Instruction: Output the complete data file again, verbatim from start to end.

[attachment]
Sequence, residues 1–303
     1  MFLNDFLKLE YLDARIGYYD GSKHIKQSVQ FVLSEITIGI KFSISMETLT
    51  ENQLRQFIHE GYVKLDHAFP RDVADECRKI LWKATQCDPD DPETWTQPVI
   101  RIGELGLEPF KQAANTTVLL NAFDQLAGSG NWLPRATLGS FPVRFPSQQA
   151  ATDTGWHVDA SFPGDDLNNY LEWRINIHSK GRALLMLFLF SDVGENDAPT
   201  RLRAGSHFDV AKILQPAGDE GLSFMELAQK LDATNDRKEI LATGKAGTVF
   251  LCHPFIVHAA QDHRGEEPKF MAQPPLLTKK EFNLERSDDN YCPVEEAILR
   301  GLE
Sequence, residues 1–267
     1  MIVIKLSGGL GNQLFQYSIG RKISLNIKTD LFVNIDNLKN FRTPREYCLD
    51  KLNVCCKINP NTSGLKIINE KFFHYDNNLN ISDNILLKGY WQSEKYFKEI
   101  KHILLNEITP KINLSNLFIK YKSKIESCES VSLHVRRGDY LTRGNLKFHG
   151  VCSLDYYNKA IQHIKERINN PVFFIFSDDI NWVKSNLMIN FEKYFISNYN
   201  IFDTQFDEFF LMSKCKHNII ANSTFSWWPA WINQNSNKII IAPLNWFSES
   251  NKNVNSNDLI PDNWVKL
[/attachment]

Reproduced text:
Sequence, residues 1–303
     1  MFLNDFLKLE YLDARIGYYD GSKHIKQSVQ FVLSEITIGI KFSISMETLT
    51  ENQLRQFIHE GYVKLDHAFP RDVADECRKI LWKATQCDPD DPETWTQPVI
   101  RIGELGLEPF KQAANTTVLL NAFDQLAGSG NWLPRATLGS FPVRFPSQQA
   151  ATDTGWHVDA SFPGDDLNNY LEWRINIHSK GRALLMLFLF SDVGENDAPT
   201  RLRAGSHFDV AKILQPAGDE GLSFMELAQK LDATNDRKEI LATGKAGTVF
   251  LCHPFIVHAA QDHRGEEPKF MAQPPLLTKK EFNLERSDDN YCPVEEAILR
   301  GLE
Sequence, residues 1–267
     1  MIVIKLSGGL GNQLFQYSIG RKISLNIKTD LFVNIDNLKN FRTPREYCLD
    51  KLNVCCKINP NTSGLKIINE KFFHYDNNLN ISDNILLKGY WQSEKYFKEI
   101  KHILLNEITP KINLSNLFIK YKSKIESCES VSLHVRRGDY LTRGNLKFHG
   151  VCSLDYYNKA IQHIKERINN PVFFIFSDDI NWVKSNLMIN FEKYFISNYN
   201  IFDTQFDEFF LMSKCKHNII ANSTFSWWPA WINQNSNKII IAPLNWFSES
   251  NKNVNSNDLI PDNWVKL